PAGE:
The Training is Finished and the Work has Begun Updated May 2012

What’s New

The training is finished and the work has begun


  • 24 people have been trained. 16 have been trained to give effective presentations on proper sanitation and hygiene and are called Community Health Promoters, 8 of the 24 were trained on the construction, installation and maintenance of the biosand water filter.
  • three sites have been set up in the north, central and south of the country for the operation of the projects.
  • each team consists of at least 2 Community Health Promoters (CHP’s) and at least 2 Biosand Implementers.
  • the CHP’s give presentations to the villages and teach about the importance of clean water, introducing the concept of the biosand water filter. Those villagers who are interested in having a filter are asked to attend a half day information course with the biosand implementer. If they continue to be interested in receiving a filter, they come to help make it or pay towards the cost of the filter.
  • the CHP’s go out to monitor the maintenance and useage of the filters. If there are problems that they can’t fix, the biosand implementers go out to repair the filter.
  • Save Your Pennies for Malawi !

 Since the penny is being taken out of circulation we are asking everyone to save their pennies to purchase more filters for Malawi. Contact Helen at 403-271-5924 or Nancy at 403-278-7506

Details of the Project:


In December we held a training course on water, sanitation and hygiene that was coordinated by Tal Woolsey from CAWST in Calgary ( Center for Affordable Water and Sanitation Technology).  The course was taught by trainers from their Zambia Water Expertise and training Center. It was a 2 week course and covered such topics as harmful bacteria, proper food handling, hand washing, placement of latrines, etc. The intent of the training was for people to learn how to give presentations on proper sanitation and hygiene so much of the training time was spent on presentation skills.

The second part of the course covered the construction, installation and maintenance of the biosand water filter.   Twenty four people in total were trained, approximately 16 were trained as Community Health Promoters responsible for going back to their villages and giving presentations on the material they learned. The biosand implementers were trained to go back to their communities to construct, and install the filters.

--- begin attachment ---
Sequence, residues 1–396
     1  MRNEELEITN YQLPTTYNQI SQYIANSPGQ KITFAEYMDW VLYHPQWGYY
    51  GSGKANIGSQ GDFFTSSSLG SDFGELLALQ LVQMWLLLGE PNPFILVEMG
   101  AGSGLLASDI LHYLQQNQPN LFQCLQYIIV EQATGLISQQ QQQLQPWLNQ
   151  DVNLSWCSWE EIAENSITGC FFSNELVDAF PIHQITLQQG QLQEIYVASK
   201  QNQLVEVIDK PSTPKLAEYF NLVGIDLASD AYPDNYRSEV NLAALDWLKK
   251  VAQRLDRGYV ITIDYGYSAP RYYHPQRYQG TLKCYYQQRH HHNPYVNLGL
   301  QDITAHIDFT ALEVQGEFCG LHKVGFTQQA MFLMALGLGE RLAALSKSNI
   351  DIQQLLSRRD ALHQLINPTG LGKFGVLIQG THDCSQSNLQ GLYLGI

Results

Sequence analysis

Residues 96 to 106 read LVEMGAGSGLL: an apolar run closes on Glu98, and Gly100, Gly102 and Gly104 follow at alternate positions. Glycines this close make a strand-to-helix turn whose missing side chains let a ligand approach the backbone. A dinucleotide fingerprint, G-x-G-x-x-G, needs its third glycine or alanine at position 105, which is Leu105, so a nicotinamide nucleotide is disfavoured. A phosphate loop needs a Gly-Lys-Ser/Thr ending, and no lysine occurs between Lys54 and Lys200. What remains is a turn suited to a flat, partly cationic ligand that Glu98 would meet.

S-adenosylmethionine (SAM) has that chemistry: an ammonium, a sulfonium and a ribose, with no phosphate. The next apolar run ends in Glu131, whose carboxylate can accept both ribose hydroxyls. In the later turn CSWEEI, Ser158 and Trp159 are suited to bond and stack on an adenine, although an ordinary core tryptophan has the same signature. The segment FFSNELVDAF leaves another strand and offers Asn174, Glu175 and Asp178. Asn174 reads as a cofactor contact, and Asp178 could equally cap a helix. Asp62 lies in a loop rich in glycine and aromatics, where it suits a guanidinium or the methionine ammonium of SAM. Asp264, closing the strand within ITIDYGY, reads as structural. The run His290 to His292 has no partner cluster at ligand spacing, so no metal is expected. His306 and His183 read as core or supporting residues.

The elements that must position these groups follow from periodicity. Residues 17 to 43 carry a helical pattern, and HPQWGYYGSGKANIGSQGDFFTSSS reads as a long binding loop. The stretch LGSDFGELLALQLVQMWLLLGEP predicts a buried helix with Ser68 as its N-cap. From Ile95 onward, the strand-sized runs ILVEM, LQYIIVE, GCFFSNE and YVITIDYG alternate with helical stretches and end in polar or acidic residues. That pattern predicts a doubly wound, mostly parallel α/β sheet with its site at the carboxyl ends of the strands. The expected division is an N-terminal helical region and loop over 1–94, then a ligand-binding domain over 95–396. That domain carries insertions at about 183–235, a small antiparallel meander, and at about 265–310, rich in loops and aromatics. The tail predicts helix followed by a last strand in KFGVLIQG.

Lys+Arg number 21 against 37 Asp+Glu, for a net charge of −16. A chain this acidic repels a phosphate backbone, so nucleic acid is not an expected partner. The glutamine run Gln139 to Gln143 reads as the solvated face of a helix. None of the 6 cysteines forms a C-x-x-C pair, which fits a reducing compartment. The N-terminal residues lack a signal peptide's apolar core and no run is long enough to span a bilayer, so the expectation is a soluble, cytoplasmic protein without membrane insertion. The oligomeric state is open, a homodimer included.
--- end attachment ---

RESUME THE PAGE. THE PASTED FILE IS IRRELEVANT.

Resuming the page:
During the training Lord Bishop Fanuel Magangani was interviewed by the media. Tal is speaking with a member of the media, describing the training and the biosand filter.

The biosand filter course was intended to teach the techniques of properly constructing, installing and maintaining the concrete filter. It was a hands-on process and several filters were constructed under a temporary shelter.

The biosand implementers learned about construction of the concrete shell as well as how to make the  diffuser plate and lids, sift the sand and gravel to appropriate sizes.

Following the training , three water filter construction sites were established in three areas of the country. The northern site is at the Chiwowa Chisala Demonstration Garden outside of the city of Mzuzu. It is being operated by the Anglican Diocese of Northern Malawi. It is located at the site where we held the training.The second site is at Kalupe village outside of Zomba. It is being operated by the Blantyre Synod Health and Development Commission. The following is a picture of the site where the shelter will be constructed to protect the filters and the media from the elements.

The third site is operating at a health clinic in the village of Mfera in the area of Chikwawa. It is being supervised by Father Raphael Mponda from the Anglican Church in southern Malawi.  This is the shelter that has been constructed at this site.

The programs focus on teaching proper sanitation and hygiene as well as the construction of the bio sand water filter.  Each program has at least two trained Community Health Promoters and at least 2 Biosand Implementers on each team.  The team works together to implement the program.  The Community Health Promoters (CHP’s) interface with the community by setting up training sessions in schools, villages and during community gatherings.  During the presentations, the CHP’s introduce the concept of the biosand filter.  If people are interested in having a filter in their home, they sign up for a half day training session to learn more about the construction of the filter as well as the care and maintenance of it.